Northwell Health Flex Benefits Plan v. Lamis et al, No. 1:2018cv01178 - Document 41 (S.D.N.Y. 2019)

Court Description: OPINION AND ORDER: re: 18 MOTION to Dismiss or in the Alternative. MOTION for Summary Judgment (corrected filing) filed by Luzvisminda Lamis, A. Paul Bogaty, Esq. For the foregoing reasons, Defendants' motion for summary judgment dismissin g this action is denied. The parties are directed to appear for a status conference on October 17, 2019 at 10:30 a.m. SO ORDERED., ( Status Conference set for 10/17/2019 at 10:30 AM before Judge William H. Pauley III.) (Signed by Judge William H. Pauley, III on 9/25/2019) (ama)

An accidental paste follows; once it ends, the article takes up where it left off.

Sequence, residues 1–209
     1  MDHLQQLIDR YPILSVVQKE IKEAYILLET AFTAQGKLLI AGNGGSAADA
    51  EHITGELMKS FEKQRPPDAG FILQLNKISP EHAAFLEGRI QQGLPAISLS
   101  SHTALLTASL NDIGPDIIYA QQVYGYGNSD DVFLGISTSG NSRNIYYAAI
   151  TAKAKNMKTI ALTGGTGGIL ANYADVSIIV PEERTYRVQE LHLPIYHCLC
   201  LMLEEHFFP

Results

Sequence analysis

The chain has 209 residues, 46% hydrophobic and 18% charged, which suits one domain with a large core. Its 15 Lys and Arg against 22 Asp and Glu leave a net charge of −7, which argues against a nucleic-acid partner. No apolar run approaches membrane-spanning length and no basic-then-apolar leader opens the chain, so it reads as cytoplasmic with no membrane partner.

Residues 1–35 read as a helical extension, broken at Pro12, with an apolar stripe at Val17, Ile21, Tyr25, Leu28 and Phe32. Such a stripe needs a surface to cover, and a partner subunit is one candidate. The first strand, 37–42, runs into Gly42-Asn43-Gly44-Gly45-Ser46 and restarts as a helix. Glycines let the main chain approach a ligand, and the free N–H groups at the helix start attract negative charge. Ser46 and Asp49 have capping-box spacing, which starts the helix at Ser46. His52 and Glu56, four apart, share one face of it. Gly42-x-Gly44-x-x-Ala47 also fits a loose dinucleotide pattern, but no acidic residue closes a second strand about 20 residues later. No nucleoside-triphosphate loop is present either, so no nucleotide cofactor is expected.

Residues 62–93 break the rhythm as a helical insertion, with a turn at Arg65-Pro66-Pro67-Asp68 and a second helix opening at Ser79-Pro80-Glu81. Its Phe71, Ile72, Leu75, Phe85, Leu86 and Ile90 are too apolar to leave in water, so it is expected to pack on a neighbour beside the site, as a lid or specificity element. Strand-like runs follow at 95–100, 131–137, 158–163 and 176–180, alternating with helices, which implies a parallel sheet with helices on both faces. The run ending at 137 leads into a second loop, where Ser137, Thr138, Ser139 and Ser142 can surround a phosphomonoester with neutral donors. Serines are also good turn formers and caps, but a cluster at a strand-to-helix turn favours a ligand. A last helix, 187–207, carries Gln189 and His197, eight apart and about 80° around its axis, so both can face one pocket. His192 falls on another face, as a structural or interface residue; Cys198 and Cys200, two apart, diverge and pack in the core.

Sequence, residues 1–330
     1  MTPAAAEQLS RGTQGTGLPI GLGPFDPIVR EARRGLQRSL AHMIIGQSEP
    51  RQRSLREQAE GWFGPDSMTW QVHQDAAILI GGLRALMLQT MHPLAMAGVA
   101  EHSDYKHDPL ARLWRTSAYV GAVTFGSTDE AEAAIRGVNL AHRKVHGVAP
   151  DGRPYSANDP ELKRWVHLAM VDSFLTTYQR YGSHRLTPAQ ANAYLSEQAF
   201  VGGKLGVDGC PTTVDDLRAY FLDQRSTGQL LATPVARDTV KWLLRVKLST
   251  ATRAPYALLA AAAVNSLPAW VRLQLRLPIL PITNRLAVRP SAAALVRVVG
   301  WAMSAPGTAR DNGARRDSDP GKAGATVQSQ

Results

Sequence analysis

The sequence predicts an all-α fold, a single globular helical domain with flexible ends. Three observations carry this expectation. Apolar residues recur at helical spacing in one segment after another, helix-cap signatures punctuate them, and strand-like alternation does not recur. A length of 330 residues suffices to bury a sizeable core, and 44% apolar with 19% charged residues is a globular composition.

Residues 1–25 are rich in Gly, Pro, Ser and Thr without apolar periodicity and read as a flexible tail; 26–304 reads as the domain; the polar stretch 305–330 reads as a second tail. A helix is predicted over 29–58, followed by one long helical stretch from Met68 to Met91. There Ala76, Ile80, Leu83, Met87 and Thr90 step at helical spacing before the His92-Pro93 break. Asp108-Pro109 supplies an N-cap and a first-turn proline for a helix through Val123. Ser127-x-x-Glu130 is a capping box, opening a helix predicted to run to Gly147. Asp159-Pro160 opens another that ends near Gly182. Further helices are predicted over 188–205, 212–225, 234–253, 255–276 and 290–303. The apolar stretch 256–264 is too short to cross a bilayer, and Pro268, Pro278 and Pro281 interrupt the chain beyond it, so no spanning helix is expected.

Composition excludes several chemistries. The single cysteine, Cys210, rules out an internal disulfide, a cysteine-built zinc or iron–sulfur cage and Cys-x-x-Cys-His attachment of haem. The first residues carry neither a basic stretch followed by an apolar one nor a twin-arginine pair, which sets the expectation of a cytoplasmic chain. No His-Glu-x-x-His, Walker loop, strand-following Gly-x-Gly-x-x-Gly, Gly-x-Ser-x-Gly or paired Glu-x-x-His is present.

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Northwell Health Flex Benefits Plan v. Lamis et al Doc. 41 UNITED STATES DISTRICT COURT SOUTHERN DISTRICT OF NEW YORK NORTHWELL HEALTH INC., IN ITS CAPACITY AS PLAN ADMINISTRATOR FOR THE NORTHWELL HEALTH FLEX BENEFITS PLAN, Plaintiff, -againstLUZVISMINDA LAMIS and A. PAUL BOGATY, ESQ., Defendants. : : : : : : : : : : : : : : : : 18cv1178 OPINION & ORDER WILLIAM H. PAULEY III, Senior United States District Judge: Plaintiff Northwell Health Inc. (“Northwell”), in its capacity as Plan Administrator for the Northwell Health Flex Benefits Plan (the “Northwell Plan” or the “Plan”), brings this action under § 502(a)(3) of the Employee Retirement Income Security Act of 1974 (“ERISA”), 29 U.S.C. § 1132(a)(3), against Defendants Luzvisminda Lamis and A. Paul Bogaty, Esq. (collectively, “Defendants”). Northwell seeks the imposition of an equitable lien by agreement or a constructive trust over medical expenses paid by the Northwell Plan to treat certain of Lamis’s injuries. Defendants move to dismiss the Complaint pursuant to Federal Rule of Civil Procedure 12(b)(6), or, in the alternative, for summary judgment pursuant to Rule 56. For the following reasons, the motion is denied. BACKGROUND On March 23, 2015, Lamis was injured while undergoing gallbladder surgery at Northwell’s Forest Hills Hospital division. (Pl.’s Resp. to Defs.’ Statement of Undisputed Material Facts and Additional Undisputed Material Facts, ECF No. 28 (“Pl.’s 56.1”), ¶¶ 2–3.) Lamis also worked at Forest Hills Hospital and was a participant in the Northwell Plan.1 (Pl.’s 56.1 ¶ 2.) As a result, the Northwell Plan partially covered the medical expenses Lamis incurred in treating her iatrogenic injury. (Pl.’s 56.1 ¶ 4.) Those expenses totaled $79,055.50 (the “Funds”). (Pl.’s 56.1 ¶ 4.) On December 9, 2015, Lamis filed a medical malpractice action in New York Supreme Court against Forest Hills Hospital and two of its employees, Michael S. Drew, M.D. and Martin Yu, P.A. (the “State Action”). (See Pl.’s 56.1 ¶ 5.) She was represented by Bogaty. (See Pl.’s 56.1 ¶ 5.) In August 2017, the State Action settled for $650,000 via a general release and an accompanying hold harmless agreement. (Pl.’s 56.1 ¶ 6.) The general release and hold harmless agreement named Northwell as a party, along with—among others—Physicians’ Reciprocal Insurers, Forest Hills Hospital, and Drew. (See Affirmation of Counsel in Supp. of Mot. for Dismissal on the Pleadings or in the Alternative for Summ. J., ECF No. 19 (“Pl.’s Aff.”), Exs. B, C.) While the State Action was still ongoing, the Northwell Plan’s subrogation agent, Optum, provided Bogaty with a ledger of medical expenses that the Plan paid on Lamis’s behalf in treating her injury, as well as a copy of the Plan’s “Plan Document (PD)/Summary Plan Description (SPD)” (the “PD/SPD”). (Pl.’s 56.1 ¶ 7–8.) Section 10 of the PD/SPD states in relevant part: [I]f a third party causes a Sickness or Injury for which you receive a settlement, judgment, or other recovery from any third party, you must use those proceeds to fully return to the Plan 100% of any Benefits you received for that Sickness or Injury. 1 At the time of her injury, the Northwell Plan was known as the “North Shore-LIJ Health System Flex Benefits Plan.” (Affirmation of Counsel in Opp’n to Defs.’ Mot. to Dismiss, or in the Alternative, for Summ. J., ECF No. 27 (“Pl.’s Opp. Aff.”), Ex. 1 (“Nevola Affidavit”), ¶ 6.) 2 The following persons and entities are considered third parties: a person or entity alleged to have caused you to suffer a Sickness, Injury or damages, or who is legally responsible for the Sickness, Injury or damages; any insurer or other indemnifier of any person or entity alleged to have caused or who caused the Sickness, Injury or damages; North Shore-LIJ Health System in workers’ compensation cases; or any person or entity who is or may be obligated to provide you with benefits or payments under: underinsured or uninsured motorist insurance; medical provisions of no-fault or traditional insurance (auto, homeowners or otherwise); workers’ compensation coverage; or any other insurance carrier or third party administrator. (Pl.’s Aff., Ex. E (the “PD/SPD”), at 88 (emphasis added).) Northwell contends that under § 10, the Plan is entitled to reimbursement of the Funds from Lamis’s State Action settlement. (See Pl.’s 56.1 ¶¶ 8–9.) To date, however, Defendants have refused to reimburse the Plan. (Pl.’s 56.1 ¶ 9.) DISCUSSION I. Legal Standard A motion to dismiss “must be treated as one for summary judgment” when “matters outside the pleadings are presented to and not excluded by the court.” Fed. R. Civ. P. 12(d). “[A] court may convert a motion to dismiss into a motion for summary judgment, and . . . consider . . . external exhibits and affidavits, when it is satisfied that the parties are not taken by surprise or deprived of a reasonable opportunity to contest facts averred outside the pleadings and the issues involved are discrete and dispositive.” Access 4 All, Inc. v. Trump Int’l Hotel and 3 Tower Condo., 458 F. Supp. 2d 160, 165 (S.D.N.Y. 2006) (quotation marks omitted). Thus, “[t]he essential inquiry is whether the [non-movant] should reasonably have recognized the possibility that the motion might be converted into one for summary judgment.” In re G. & A. Books, Inc., 770 F.2d 288, 295 (2d Cir. 1985); see also Ferguson v. Jones, 2011 WL 4344434 at *2 (S.D.N.Y. Sept. 12, 2011) (same). “A party cannot complain of lack of a reasonable opportunity to present all material relevant to a motion for summary judgment when both parties have filed exhibits, affidavits, counter-affidavits, depositions, etc. in support of and in opposition to a motion to dismiss.” In re G. & A. Books, Inc., 770 F.2d at 295; see also Bruno v. City of New York, 2019 WL 690340, at *2 (S.D.N.Y. Feb. 19, 2019) (converting defendants’ motion to dismiss into motion for summary judgment where “[d]efendants’ moving papers provide[d] notice that [d]efendants [were] moving for, in the alternative, summary judgment pursuant to Rule 56” and where “[p]laintiff ha[d] filed his own Rule 56.1 [statement] and supplemented the record with his own exhibits” (quotation marks omitted)). Here, Northwell responded to Defendants’ statement of undisputed material facts, appended its own additional statement of undisputed facts, and filed accompanying affidavits and exhibits. Accordingly, this Court treats Defendants’ motion as one for summary judgment. Summary judgment is proper only where “there is no genuine dispute as to any material fact and the movant is entitled to judgment as a matter of law.” Fed. R. Civ. P. 56(a). “Where the record taken as a whole could not lead a rational trier of fact to find for the nonmoving party, there is no genuine issue for trial.” Baez v. JetBlue Airways Corp., 793 F.3d 269, 274 (2d Cir. 2015) (quotation marks omitted). This Court is not “to weigh the evidence and determine the truth of the matter but to determine whether there is a genuine issue for trial.” Cioffi v. Averill Park Cent. Sch. Dist. Bd. of Educ., 444 F.3d 158, 162 (2d Cir. 2006) (citing 4 Anderson v. Liberty Lobby, Inc., 477 U.S. 242, 249 (1986)); Upadhyay v. Sethi, 848 F. Supp. 2d 439, 446 (S.D.N.Y. 2012) (denying summary judgment where court would have had to weigh the credibility of dueling affidavits). “The party seeking summary judgment bears the burden of establishing that no genuine issue of material fact exists . . . .” Rodriguez v. City of New York, 72 F.3d 1051, 1060– 61 (2d Cir. 1995). If the moving party meets its burden, “the adverse party must set forth specific facts showing that there is a genuine issue for trial.” Anderson, 477 U.S. at 249 (citation and quotation marks omitted); Wright v. Goord, 554 F.3d 255, 266 (2d Cir. 2009). “A party may not rely on mere speculation or conjecture as to the true nature of the facts to overcome a motion for summary judgment,” as “[m]ere conclusory allegations or denials cannot by themselves create a genuine issue of material fact where none would otherwise exist.” Hicks v. Baines, 593 F.3d 159, 166 (2d Cir. 2010) (citation and alterations omitted). “In determining whether a genuine issue of material fact exists, a court must resolve all ambiguities and draw all reasonable inferences against the moving party.” Flanigan v. Gen. Elec. Co., 242 F.3d 78, 83 (2d Cir. 2001). II. Equitable Relief Under ERISA Under ERISA, “a participant, beneficiary, or fiduciary” is entitled to “obtain . . . appropriate equitable relief” to redress violations of or to enforce the terms of an employee benefits plan. 29 U.S.C. § 1132(a)(3); Great-West Life & Annuity Ins. Co. v. Knudson, 534 U.S. 204, 209 (2002). This “provision . . . authorizes the kinds of relief typically available in equity in the days of the divided bench, before law and equity merged.” US Airways, Inc. v. McCutchen, 569 U.S. 88, 94–95 (2013) (quotation marks omitted). The Supreme Court has recognized that a claim to enforce a plan’s reimbursement clause “[is] the modern-day equivalent 5 of an action in equity to enforce a contract-based lien—called an equitable lien by agreement.” McCutchen, 569 U.S. at 95 (quotation marks omitted). “[A]ll types of equitable liens must be enforced against a specifically identified fund in the defendant’s possession.” Montanile v. Bd. of Tr. of Nat’l Elevator Indus. Health Benefit Plan, 136 S. Ct. 651, 659 (2016) (emphasis removed); see also Iron Workers Locals 40, 361 & 417 Health Fund v. Dinnigan, 911 F. Supp. 2d 243, 255 (S.D.N.Y. 2012) (“[A] necessary characteristic of equitable restitution is that it impose a constructive trust or equitable lien on particular funds or property in the defendant’s possession.” (quotation marks omitted)). Northwell contends that it is entitled to enforcement of an equitable lien by agreement on the Funds because § 10 of the PD/SPD straightforwardly requires Plan beneficiaries to “use [their settlement] proceeds to fully return to the Plan 100% of any Benefits . . . received for th[e] Sickness or Injury” from “any third party.” (PD/SPD, at 88.) Here, Northwell argues that the requisite “third party” is any of Northwell, Physicians’ Reciprocal Insurers, Forest Hills Hospital, Drew, or Yu. (See Pl.’s Mem. of Law in Opp’n to Defs.’ Mot. to Dismiss, or in the Alternative for Summ. J., ECF No. 26 (“Pl. Opp.”), at 14.) Moreover, according to Northwell, the Funds are “specifically identif[able],” Montanile, 136 S. Ct. at 659, since they are derived from the State Action settlement and are currently held in escrow by Bogaty. (See Pl. 56.1 § 9.) Defendants argue that summary judgment should be granted because: (1) Northwell’s claim is barred by the “unclean hands” doctrine, (2) the PD/SPD is unenforceable under ERISA, and (3) even assuming the PD/SPD is enforceable, the Northwell Plan is not entitled to reimbursement because Northwell is not a “third party” under § 10 of the PD/SPD. 6 A. Unclean Hands First, Defendants argue that the instant action is barred by the equitable doctrine of “commodum ex injuria sua nemo habere debet.” (Mem. of Law in Supp. of Defs.’ Mot. for Dismissal on the Pleadings or in the Alternative for Summ. J., ECF No. 20 (“Defs.’ MOL”), at 6–8.) This maxim is an iteration of the “unclean hands” doctrine, under which “[a] court may decline to exercise its equitable powers in favor of a party whose ‘unconscionable act . . . has immediate and necessary relation to the matter that he seeks in respect of the matter in litigation.’” Aris-Isotoner Gloves, Inc. v. Berkshire Fashions, Inc., 792 F. Supp. 969, 969 (S.D.N.Y. 1992) (quoting Keystone Driller Co. v. Gen. Excavator Co., 290 U.S. 240, 245 (1933)); see also PenneCom B.V. v. Merrill Lynch & Co., 372 F.3d 488, 493 (2d Cir. 2004) (“[T]he equitable powers of this court can never be exerted in behalf of one who has acted fraudulently, or who by deceit or any unfair means has gained an advantage.” (quotation marks omitted)). “Application of the . . . doctrine rests with the discretion of the court, which is not bound by formula or restrained by any limitation that tends to trammel the free and just exercise of discretion.” Aris-Isotoner Gloves, Inc., 792 F. Supp. at 969–70 (quotation marks omitted). Defendants argue that the unclean hands doctrine applies because Northwell seeks to use § 10 of the PD/SPD to recover money for an injury that Northwell and its agents caused, and Northwell could have—but did not—assert its reimbursement claim as a counterclaim in the State Action. (Defs.’ MOL, at 8–9.) However, application of the unclean hands doctrine in this action would contravene the Supreme Court’s decision in McCutchen. There, the Court refused to apply equitable defenses rooted in unjust enrichment to override the express provisions of an ERISA plan. As the Court explained, “if the agreement governs, the agreement governs,” and while the proffered equitable defenses “ha[d] deep roots in equity,” “[e]ven in equity, when a 7 party sought to enforce a lien by agreement, all provisions of that agreement controlled.” McCutchen, 569 U.S. at 99–100. “[E]nforcing [an equitable lien by agreement] means holding the parties to their mutual promises . . . . [and] it means declining to apply rules—even if they would be ‘equitable’ in a contract’s absence—at odds with the parties’ expressed commitments.” McCutchen, 569 U.S. at 98 (citation omitted). Stated differently, it is “[t]he agreement itself [that] becomes the measure of the parties’ equities.” McCutchen, 569 U.S. at 100. The Court’s conclusion “fits lock and key with ERISA’s focus on what a plan provides” because precluding “equitable defenses from overriding” the plan’s terms helps to keep the “plan . . . at the center of ERISA.” McCutchen, 569 U.S. at 100–01. Although McCutchen “addressed . . . a subset of equitable defenses . . . within the unjust-enrichment genus . . . the Supreme Court’s reasoning sweeps more broadly to include all equitable defenses.” Quest Diagnostics v. Bomani, 2013 WL 3148651, at *5 (D. Conn. June 19, 2013); see Cognetta v. Bonavita, 330 F. Supp. 3d 797, 811 (E.D.N.Y. 2018) (“As the Supreme Court made clear . . . equitable defenses, such as the make-whole rule, give way when a court enforces an equitable lien by agreement that repudiates the defense.” (citation and quotation marks omitted)). Specifically, the “unclean hands [doctrine] appears precluded by the core logic” of McCutchen because the doctrine “runs counter to [the] central purpose of [ERISA] to protect contractually defined benefits.” Quest Diagnostics, 2013 WL 3148651, at *5–6 (quotation marks omitted). And here, § 10 explicitly requires that beneficiaries reimburse the Plan for injuries caused by a third party. This Court fails to see where the equitable defense of unclean hands fits within that section. Moreover, even if the unclean hands doctrine were available to Defendants, they do not point to any wrongdoing by the Plan, and they concede that their argument hinges on a 8 finding that “Northwell and [the Plan] are the same entity for all practical purposes of this case.” (Reply Mem. of Law in Supp. of Defs.’ Mot. for Dismissal on the Pleadings or in the Alternative for Summ. J., ECF No. 34 (“Defs.’ Reply”), at 9.) Defendants aver that Northwell and the Plan are one and the same, and because Northwell is a named party in the State Action general release, this lawsuit is an improper attempt by Northwell to profit from its own negligence. (Defs.’ Reply, at 10.) Defendants insist that Northwell and the Plan are the same entity for purposes of this action because the Plan’s funds are allegedly derived solely from the general assets of Northwell and also because the PD/SPD identifies Northwell as the Plan’s Sponsor and Administrator. (Defs.’ Reply, at 9.) Yet Defendants do not explain why these contentions necessitate a finding that the Plan and Northwell are legally the same. Indeed, as Northwell observes, at least one court—albeit outside this circuit—has concluded in an analogous scenario that a plan and the sponsoring employer are legally distinct. See Admin. Comm. of Wal-Mart Assocs. Health and Welfare Plan v. Willard, 393 F.3d 1119, 1126 (10th Cir. 2004) (“Although [defendant] points to many facts showing a close relationship between the Plan Administrators and Wal-Mart, including control and oversight by the company, [he] fails to establish that the two are not distinct entities for purposes of ERISA.” (emphasis added)).2 Moreover, the facts that Defendants offer to show that Northwell and the Plan are one entity are far from settled. On its face, the PD/SPD states that the Plan is self-funded through contributions from both Northwell’s “[e]mployees and [the] [h]ealth [s]ystem.” (PD/SPD, at 225; see also PD/SPD, at 5 Defendants attempt to distinguish the Tenth Circuit’s decision in Willard on grounds that, there, plan assets were held in a separate trust that was overseen by a board of trustees. But that argument is unavailing. Indeed, in Willard, even though “[t]he Trust [held] the Plan assets . . . [and] maintain[ed] those assets separate from WalMart,” the “Board of Trustees . . . consist[ed] of two members appointed by the Wal-Mart Board of Directors,” and Wal-Mart retained “indirect control over the Plan.” Admin. Comm. of Wal-Mart Assocs. Health and Welfare Plan v. Willard, 302 F. Supp. 2d 1267, 1270 (D. Kan. 2004). 2 9 (“You and [Northwell] share in the cost of the Plan.”)) Additionally, while Northwell is the Plan’s Sponsor and Administrator, Northwell claims that the Plan’s subrogation and reimbursement funds are deposited into a bank account maintained by United Healthcare—one of the Plan’s Claims Administrators—for the purpose of paying for participants’ medical benefits. (Nevola Aff. ¶ 12.) Accordingly, this Court refuses to grant summary judgment to Defendants on the basis of unclean hands. B. PD/SPD Next, Defendants argue that the PD/SPD is unenforceable as a matter of law because it does not satisfy the requirements of ERISA §§ 402 and 502. As previously stated, § 502(a)(3) enables a plan fiduciary to “obtain . . . appropriate relief . . . to enforce . . . the terms of the plan.” 29 U.S.C. § 1132(a)(3). Defendants observe that, in Cigna Corporation v. Amara, 563 U.S. 421, 437 (2011), the Supreme Court concluded that the “terms of the plan” enforceable under § 502(a)(3) are found within the “written instrument” by which the plan is established and maintained under ERISA § 402.3 The plan document serves a different purpose than statutorilyrequired “summary plan descriptions,” which are intended to “provide communication with beneficiaries about the plan, but . . . do not . . . constitute the terms of the plan.” Amara, 563 U.S. at 438 (emphasis in original). Given the distinct purposes of these two documents, Defendants claim it is “at best questionable whether they can be constituted as the same instrument” via the Northwell Plan’s PD/SPD. (Defs.’ MOL, at 12–13.) Defendants, however, cite no authority for that proposition. And, as Northwell observes, Defendants’ argument is belied by the collection of post-Amara “courts [who] have blessed the practice” of “[p]lan sponsors . . . us[ing] a single document” to “function[] as both an SPD and a written instrument.” Both parties refer to the “written instrument” that establishes and maintains the plan as the “plan document.” This Court adopts that terminology. 3 10 Rhea v. Alan Ritchey, Inc. Welfare Benefit Plan, 858 F.3d 340, 344 & n.3 (5th Cir. 2017) (collecting cases); see also, e.g., Wise v. Plan Adm’r, IBM Ben. Plan for Ret. Emps., 2014 WL 3849975, at *4 (D. Conn. Aug. 15, 2014) (“[S]everal courts have since held that a SPD can constitute a formal plan document, consistent with the holding of Amara, so long as no other contradictory plan document exists.”); cf. Sigal v. Metro. Life Ins. Co., 2018 WL 1229845, at *7 (S.D.N.Y. Mar. 5, 2018) (“It may very well be true, as all of the cases cited by Defendant indicate, that ‘an SPD can function as a written [plan] instrument in the absence of a separate written instrument.’” (alteration in original) (quoting Rhea, 858 F.3d at 344–45 & n.3)). Nevertheless, Defendants—like the defendants in Rhea—contend that the PD/SPD cannot be a plan document because it does not contain the information required by § 402. Rhea, 858 F.3d at 345 (“Rhea claims that the SPD does not comply with § 1102(b) because it does not go into enough depth about how the Plan is funded or how it can be amended.”) Specifically, § 402 requires that an ERISA plan: (1) be “established and maintained pursuant to a written instrument”; (2) “provide for one or more named fiduciaries . . . [with the] authority to control and manage the operation and administration of the plan”; (3) “provide a procedure for establishing and carrying out a funding policy”; (4) “describe any procedure under the plan for the allocation of responsibilities for the operation and administration of the plan”; (5) “provide a procedure for amending [the] plan, and for identifying the persons who have authority to amend the plan”; and (6) “specify the basis on which payments are made to and from the plan.” 29 U.S.C. § 1102(a)–(b). The PD/SPD meets these requirements. Northwell posits that the PD/SPD is the “written instrument by which the [P]lan was established and maintained.”4 (Nevola Aff. ¶ 10.) Defendants dispute whether the PD/SPD is, in fact, the document by which the Plan was established and maintained, and they have stated that they will seek discovery to determine the veracity of Northwell’s assertion. 4 11 That position is at least partially supported by the plain language of the PD/SPD, which states that it is “designed to meet your information needs and the disclosure requirements of [ERISA], and that “[i]f there is a conflict between th[e] PD/SPD and any benefit summaries . . . th[e] PD/SPD will control.” (PD/SPD, at 1–2.) Moreover, as Northwell notes in its opposition papers, the PD/SPD: (1) explains that the “people who operate [the] Plan” are its “fiduciaries,” (PD/SPD, at 226); (2) identifies Northwell as the Plan Sponsor and Plan Administrator, (PD/SPD, at 224); (3) tasks the Claims Administrators—who are specified in § 20—with “handl[ing] the day-to-day administration of the Plan’s coverage as directed by the Plan Administrator,” (PD/SPD, at 224); and (4) states that the Claims Administrators “have the fiduciary responsibility for determining whether [participants] are entitled to benefits,” (PD/SPD, at 190). Additionally, the PD/SPD provides that the “[s]ource of Plan [c]ontributions” is both the “[e]mployee and [the] Health System” and contains details about employee contributions. (PD/SPD, at 225; see also PD/SPD, at 5 (“You and [Northwell] share in the cost of the Plan.”)) Finally, the PD/SPD reserves Northwell’s right to “to modify, change, revise, amend or terminate the Plan at any time,” (PD/SPD, at 1), and states that such amendments “are effective only when distributed by the Plan Sponsor or the Plan Administrator,” (PD/SPD, at 105). While Defendants contend that these provisions are “general and rather vague,” (Defs.’ Reply, at 16), “ERISA does not require written instruments to set forth complex procedures.” Rhea, 858 F.3d at 346 (rejecting argument that plan did not comply with § 402 “because it [did] not go into enough depth about how the [p]lan is funded or how it can be amended”); cf. Curtiss-Wright Corp v. Schoonejongen, 514 U.S. 73, 80 (1995) (“In any event, the literal terms of § 402(b)(3) are ultimately indifferent to the level of detail in an amendment (See Defs.’ Reply, at 15.) The dispute is yet another indication to this Court that the instant action should not be resolved on summary judgment. 12 procedure, or in an identification procedure for that matter. The provision requires only that there be an amendment procedure, which here there is.” (emphasis in original)). Accordingly, this Court rejects Defendants’ argument that the PD/SPD is unenforceable. C. “Third Party” Finally, Defendants aver that—even if the PD/SPD qualifies as the plan document for the Northwell Plan—Northwell is not a “third party” that caused Lamis’s injury under § 10. Defendants’ offer two arguments to support their position. First, Defendants resurrect their earlier contention that Northwell and the Plan are the same entity. As such, Defendants claim that Northwell is an actual party—as opposed to a “third party”—to the PD/SPD. This Court rejects this argument for the same reason it rejected Defendants’ earlier unclean hands argument: Defendants have not shown that Northwell and the Plan are the same entity. Second, Defendants point to the definition of “third party” under § 10 to argue that Northwell is a third party only in workers compensation cases. As noted above, § 10 states that “if a third party causes a Sickness or Injury for which you receive a settlement, judgment, or other recovery from any third party, you must use those proceeds to fully return to the Plan 100% of any Benefits you received for that Sickness or Injury.” (PD/SPD, at 88.) Section 10 outlines several categories of “third parties,” including “a person or entity alleged to have caused you to suffer a Sickness, Injury or damages, or who is legally responsible for the Sickness, Injury or damages.” (PD/SPD, at 88.) According to Defendants, however, Northwell cannot fall under this definition because § 10 also defines “third party” to include “[Northwell] in workers’ compensation cases.” (PD/SPD, at 88.) In light of that explicit reference to Northwell, Defendants claim that under the doctrine of “inclusio unius est exclusio alterius” (i.e., to express or include one thing implies the exclusion of the other) 13 there is an “irrefutable inference” that Northwell is a “third party” under § 10 only in workers compensation cases. (Defs.’ Mot., at 11.) Courts “apply familiar rules of contract interpretation in reading an ERISA plan,” Lifson v. INA Life Ins. Co. of N.Y., 333 F.3d 349, 353 (2d Cir. 2003) (per curiam), “looking to the language of the Plan and other indicia of the intent of the Plan’s creator,” Tirone v. N.Y. Stock Exch., Inc., 2007 WL 2164064, at *5 (S.D.N.Y. July 27, 2007) (quotation marks omitted). The Second Circuit “interpret[s] ERISA plans in an ordinary and popular sense as would a person of average intelligence and experience.” Critchlow v. First UNUM Life Ins. Co. of Am., 378 F.3d 246, 256 (2d Cir. 2004) (quotation marks omitted). That said, in applying “rules of contract law to ERISA plans, a court must not rewrite, under the guise of interpretation, a term of the contract when the term is clear and unambiguous.” Burke v. PriceWaterHouseCoopers LLP Term Disability Plan, 572 F.3d 76, 81 (2d Cir. 2009) (per curiam) (citation omitted). “[C]ontract language is unambiguous when it has a definite and precise meaning and where there is no reasonable basis for a difference of opinion.” Am. Fed. of Musicians v. Atl. Recording Corp., 203 F. Supp. 3d 301, 306 (S.D.N.Y. 2016) (quotation marks omitted). By contrast, “[l]anguage in a plan is ambiguous when it is capable of more than one meaning when viewed objectively by a reasonably intelligent person who has examined the context of the entire . . . agreement.” Critchlow, 378 F.3d at 256 (alteration in original) (quotation marks omitted). “The matter of whether the contract is ambiguous is a question of law for the court.” Law Debenture Tr. Co. of N.Y. v. Maverick Tube Corp., 595 F.3d 458, 465 (2d Cir. 2010). “Parties to a contract may not create an ambiguity merely by urging conflicting interpretations of their agreement.” Sayers v. Rochester Tel. Corp. Supplemental Mgmt. Pension Plan, 7 F.3d 1091, 1095 (2d Cir. 1993). Even if a contract is “ambiguous as to intent, summary judgment is still 14 proper when the extrinsic evidence is so one-sided that no reasonable factfinder could decide contrary to one party’s interpretation.” SCS Commc’ns Inc. v. Herrick Co., 360 F.3d 329, 342 (2d Cir. 2004) (quotation marks omitted). And “if there is no extrinsic evidence bearing on the parties’ intentions, proper interpretation of ambiguous contract language is an issue for the court.” In re Coudert Bros., 487 B.R. 375, 390 (S.D.N.Y. 2013) (emphasis removed) (citing Mellon Bank, N.A. v. United Bank Corp. of N.Y., 31 F.3d 113, 116 (2d Cir. 1994)). Here, both parties insist that the definition of “third party” in § 10 is unambiguous and that it supports their respective positions. However, this Court concludes that the PD/SPD supports Northwell’s reading of § 10—that is, Northwell constitutes a “third party.” First, there is no express limitation within § 10 cabining Northwell’s third-party status to workers compensation cases. Second, Defendants’ reading of § 10 is difficult to square with other, more expansive language used elsewhere within the section. For example, the definition of “third party” also includes “any insurer or other indemnifier of any person or entity alleged to have caused . . . the Sickness, Injury or damages.” (PD/SPD, at 88 (emphasis added).) And “[a]n interpretation that gives a reasonable and effective meaning to all the terms of a contract is generally preferred to one that leaves a part unreasonable or of no effect.” Tirone, 2007 WL 2164064, at *5 (quotation marks omitted). Moreover, even if Northwell were not a “third party” that caused Lamis’s injury, Defendants have offered no explanation as to why, for example, Physicians’ Reciprocal Insurers—which is a party to the State Action general release—is not a “third party” triggering Defendants’ reimbursement obligations as an “insurer . . . of any person or entity alleged to have caused . . . the Sickness, Injury or damages.” Defendants’ argument concerning Northwell’s third-party status therefore fails. 15 CONCLUSION For the foregoing reasons, Defendants’ motion for summary judgment dismissing this action is denied. The parties are directed to appear for a status conference on October 17, 2019 at 10:30 a.m. Dated: September 25, 2019 New York, New York SO ORDERED: _______________________________ WILLIAM H. PAULEY III U.S.D.J. 16